Google cutting costs – what, me worry?

By Sterling “Chip” Camden
Contributing Writer, [GAS]

Is it perhaps the worst sign yet of how badly the economy is in trouble?  Is it an indicator that Google’s business model is finally reaching the end of its long rope?  Or both?

Everybody’s been trying to cut costs lately, but the last company you expected to hear it from was Google — right?  Well, maybe not.  For years now, the Gorilla of search has been living with its own 800-pound gorilla:  they’ve realized that Google cannot continue its amazing growth on ad revenues alone, but they haven’t managed to invent another revenue stream that’s amounted to more than a trickle by comparison.  Although their overall revenue continues to grow, that growth was much slower over the past year.  Between that and premonitions of worse to come in the global economy, Google has decided to do a little belt-tightening.

We don’t use the word “layoffs” — no, rather than firing permanent employees, Google is cutting its contract labor by not renewing contracts.  But Google employs quite a few contractors — around 10,000 compared to about 20,000 permanent employees around the world.  So Google could reduce its workforce by one third without eliminating a single permanent position.

Some of those contract positions service the many perks that have made employment at Google the envy and desire of technocrats everywhere.  Some of those perks will be disappearing as well.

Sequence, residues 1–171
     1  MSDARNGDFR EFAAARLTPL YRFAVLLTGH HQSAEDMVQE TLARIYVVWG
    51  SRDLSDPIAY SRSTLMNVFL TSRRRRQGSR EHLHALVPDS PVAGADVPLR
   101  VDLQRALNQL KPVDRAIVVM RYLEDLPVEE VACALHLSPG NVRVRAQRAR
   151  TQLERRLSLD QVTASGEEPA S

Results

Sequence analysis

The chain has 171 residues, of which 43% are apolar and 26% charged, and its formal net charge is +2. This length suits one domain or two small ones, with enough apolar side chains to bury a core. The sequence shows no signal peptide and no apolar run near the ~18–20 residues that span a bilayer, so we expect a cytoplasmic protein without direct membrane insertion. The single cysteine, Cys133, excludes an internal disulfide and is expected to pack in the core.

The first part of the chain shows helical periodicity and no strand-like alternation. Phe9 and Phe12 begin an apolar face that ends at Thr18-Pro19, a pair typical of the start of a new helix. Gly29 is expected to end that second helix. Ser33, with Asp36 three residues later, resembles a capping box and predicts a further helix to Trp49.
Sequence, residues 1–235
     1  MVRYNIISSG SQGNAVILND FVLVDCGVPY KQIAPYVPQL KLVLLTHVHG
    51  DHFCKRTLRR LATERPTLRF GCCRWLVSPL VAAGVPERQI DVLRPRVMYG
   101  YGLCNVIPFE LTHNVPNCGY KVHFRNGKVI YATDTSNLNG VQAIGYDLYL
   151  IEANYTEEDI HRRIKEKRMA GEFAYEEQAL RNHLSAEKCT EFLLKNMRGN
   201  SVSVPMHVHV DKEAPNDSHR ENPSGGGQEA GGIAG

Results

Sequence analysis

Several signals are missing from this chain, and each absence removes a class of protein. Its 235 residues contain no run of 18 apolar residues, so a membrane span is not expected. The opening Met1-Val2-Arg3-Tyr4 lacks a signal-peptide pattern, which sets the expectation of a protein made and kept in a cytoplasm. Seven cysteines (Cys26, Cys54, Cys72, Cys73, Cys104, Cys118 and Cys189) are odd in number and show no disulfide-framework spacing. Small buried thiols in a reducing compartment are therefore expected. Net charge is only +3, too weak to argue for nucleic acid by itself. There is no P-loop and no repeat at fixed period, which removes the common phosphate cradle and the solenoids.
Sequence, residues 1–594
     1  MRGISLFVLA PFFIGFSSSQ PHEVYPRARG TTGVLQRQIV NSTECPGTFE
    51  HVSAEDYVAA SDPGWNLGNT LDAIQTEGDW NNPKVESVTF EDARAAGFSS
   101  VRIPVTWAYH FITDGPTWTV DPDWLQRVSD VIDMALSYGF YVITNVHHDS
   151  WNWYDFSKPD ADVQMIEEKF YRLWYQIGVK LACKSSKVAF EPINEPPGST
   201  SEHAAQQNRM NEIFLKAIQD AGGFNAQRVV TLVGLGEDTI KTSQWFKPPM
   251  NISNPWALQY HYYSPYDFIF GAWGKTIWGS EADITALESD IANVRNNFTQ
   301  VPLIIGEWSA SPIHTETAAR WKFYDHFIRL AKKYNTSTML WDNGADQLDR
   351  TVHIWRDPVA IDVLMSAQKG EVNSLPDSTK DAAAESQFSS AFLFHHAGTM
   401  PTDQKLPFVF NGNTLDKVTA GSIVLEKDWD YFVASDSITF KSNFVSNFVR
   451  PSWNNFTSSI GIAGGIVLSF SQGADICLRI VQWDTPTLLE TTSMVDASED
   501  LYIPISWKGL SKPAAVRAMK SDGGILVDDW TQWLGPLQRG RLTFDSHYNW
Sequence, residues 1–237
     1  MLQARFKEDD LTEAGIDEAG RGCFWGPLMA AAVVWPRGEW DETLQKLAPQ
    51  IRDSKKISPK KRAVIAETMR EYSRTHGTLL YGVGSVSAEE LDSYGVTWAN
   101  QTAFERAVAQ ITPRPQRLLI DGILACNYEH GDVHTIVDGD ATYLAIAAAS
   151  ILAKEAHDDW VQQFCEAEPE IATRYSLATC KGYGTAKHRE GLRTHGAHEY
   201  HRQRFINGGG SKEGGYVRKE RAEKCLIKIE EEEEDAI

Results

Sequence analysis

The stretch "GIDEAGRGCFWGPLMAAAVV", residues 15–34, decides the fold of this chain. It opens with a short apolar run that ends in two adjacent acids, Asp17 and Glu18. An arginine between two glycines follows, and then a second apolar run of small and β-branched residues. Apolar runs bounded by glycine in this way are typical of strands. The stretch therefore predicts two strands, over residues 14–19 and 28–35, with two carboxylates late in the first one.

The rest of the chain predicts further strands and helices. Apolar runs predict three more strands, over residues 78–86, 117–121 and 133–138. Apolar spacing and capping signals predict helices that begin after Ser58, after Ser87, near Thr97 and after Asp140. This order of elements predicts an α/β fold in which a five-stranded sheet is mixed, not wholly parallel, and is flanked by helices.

And remember their policy of 20% time, in which engineers were encouraged to devote 20% of their time to whatever they wanted to work on?  That won’t be eliminated (yet), but special projects will have a much harder time getting funding and personnel to see them through.

Services that have already been deployed but didn’t make their expected big splash will be shut down.  Lively, SearchMash, and Page Creator (I never saw the sense in that one anyway) are already on the chopping block — with more to follow.  Gee, I hope  they don’t axe GMail.

Google’s amazing success over the last ten years has drawn innumerable imitators.  PHB’s everywhere tried to be clueful and encourage innovation by offering employees free food, flexible hours and improved working conditions (can you say, “dual monitors”?).  Some even implemented their own versions of the famous 20% time (though more often it was like 5% — and after 6PM).  With Google cutting back in these areas, expect a lot of “I knew it wouldn’t work” (even though they were evangelists at the time) and “if Google’s tightening up, we’d better follow in trumps.”  Now is not a good time to ask your employer for a better grade of coffee — they just might take your cup away to collect spare change.